Sun Microsystems Tuesday announced the first servers to use its new UltraSPARC T2 processor, also known as Niagara 2.
The Sun SPARC Enterprise T5120/T5220 servers will be the first rack mount systems to use the T2 processor, which features eight cores and supports eight threads per core. The 5120 is a 1U unit with 64GB of memory, a single processor and room for four hot-pluggable disk drives.
The 5220 is a 2U unit with a single processor, 64GB of memory and room for eight hot-pluggable drives. Both machines can run either a 1.2GHz or 1.4GHz processor. They are designed to run the Solaris operating system and feature Sun's Solaris Containers and Logical Domains (LDoms) for enabling virtualization.
The Sun Blade T6320 module is a single wide blade design that fits into an existing Sun blade chassis. It can be mixed and matched with x86 blades running Solaris, Windows or Linux. It runs the 1.2GHz and 1.4GHz processors, and supports 64GB of memory and four drives.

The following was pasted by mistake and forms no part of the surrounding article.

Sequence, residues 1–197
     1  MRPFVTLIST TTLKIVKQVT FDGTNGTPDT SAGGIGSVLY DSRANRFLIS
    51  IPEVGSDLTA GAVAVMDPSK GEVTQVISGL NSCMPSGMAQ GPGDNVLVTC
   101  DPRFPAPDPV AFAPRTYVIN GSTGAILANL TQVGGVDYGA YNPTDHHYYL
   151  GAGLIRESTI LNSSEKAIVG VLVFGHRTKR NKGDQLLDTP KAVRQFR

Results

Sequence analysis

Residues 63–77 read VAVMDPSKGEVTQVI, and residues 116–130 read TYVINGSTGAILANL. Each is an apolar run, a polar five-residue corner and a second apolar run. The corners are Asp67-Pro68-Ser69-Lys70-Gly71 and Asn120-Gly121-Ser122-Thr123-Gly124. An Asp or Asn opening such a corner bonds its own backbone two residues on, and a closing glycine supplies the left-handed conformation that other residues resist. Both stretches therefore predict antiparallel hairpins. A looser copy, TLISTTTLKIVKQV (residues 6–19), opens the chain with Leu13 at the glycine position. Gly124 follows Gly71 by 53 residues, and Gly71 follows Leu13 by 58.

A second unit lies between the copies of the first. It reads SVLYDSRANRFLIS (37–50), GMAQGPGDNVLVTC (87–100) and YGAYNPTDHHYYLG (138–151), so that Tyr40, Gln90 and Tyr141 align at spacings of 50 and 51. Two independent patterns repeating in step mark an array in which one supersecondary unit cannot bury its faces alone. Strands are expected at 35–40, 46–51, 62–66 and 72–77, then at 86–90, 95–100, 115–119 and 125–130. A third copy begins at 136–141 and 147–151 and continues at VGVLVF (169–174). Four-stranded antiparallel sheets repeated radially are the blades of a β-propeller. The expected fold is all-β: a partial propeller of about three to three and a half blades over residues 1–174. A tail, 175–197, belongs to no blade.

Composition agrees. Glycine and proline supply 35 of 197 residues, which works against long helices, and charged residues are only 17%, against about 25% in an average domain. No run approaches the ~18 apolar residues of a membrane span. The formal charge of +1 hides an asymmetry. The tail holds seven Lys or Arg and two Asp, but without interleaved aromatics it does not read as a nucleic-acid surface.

"Today's product announcements will double up the performance of our existing product line," Warren Mootrey, senior director of volume SPARC systems at Sun, told InternetNews.com.
With eight times the floating point performance of the Niagara 1, Sun sees new opportunities for the Niagara 2. "What this has allowed us to do is expand it to new markets, like financial where they do heavy floating point. We really couldn't do it with the prior chipset," he said.
Sun is also introducing Sun Management Center 4.0, an update to its network monitoring and management software for SPARC and x64 systems running Solaris and Linux. Its Integrated Lights Out Management (ILOM) interface performs automated checks on performance, function and security.
With Containers and LDoms in Solaris, Sun is making a renewed push to be a player in the virtualization market. Mootrey said more announcements around virtualization will follow soon.
"Everyone has a virtualization story, but I believe Sun has a stronger story and it's free. We're bundling this up and letting people do what they need to do," he said.
This article was originally published on InternetNews.com.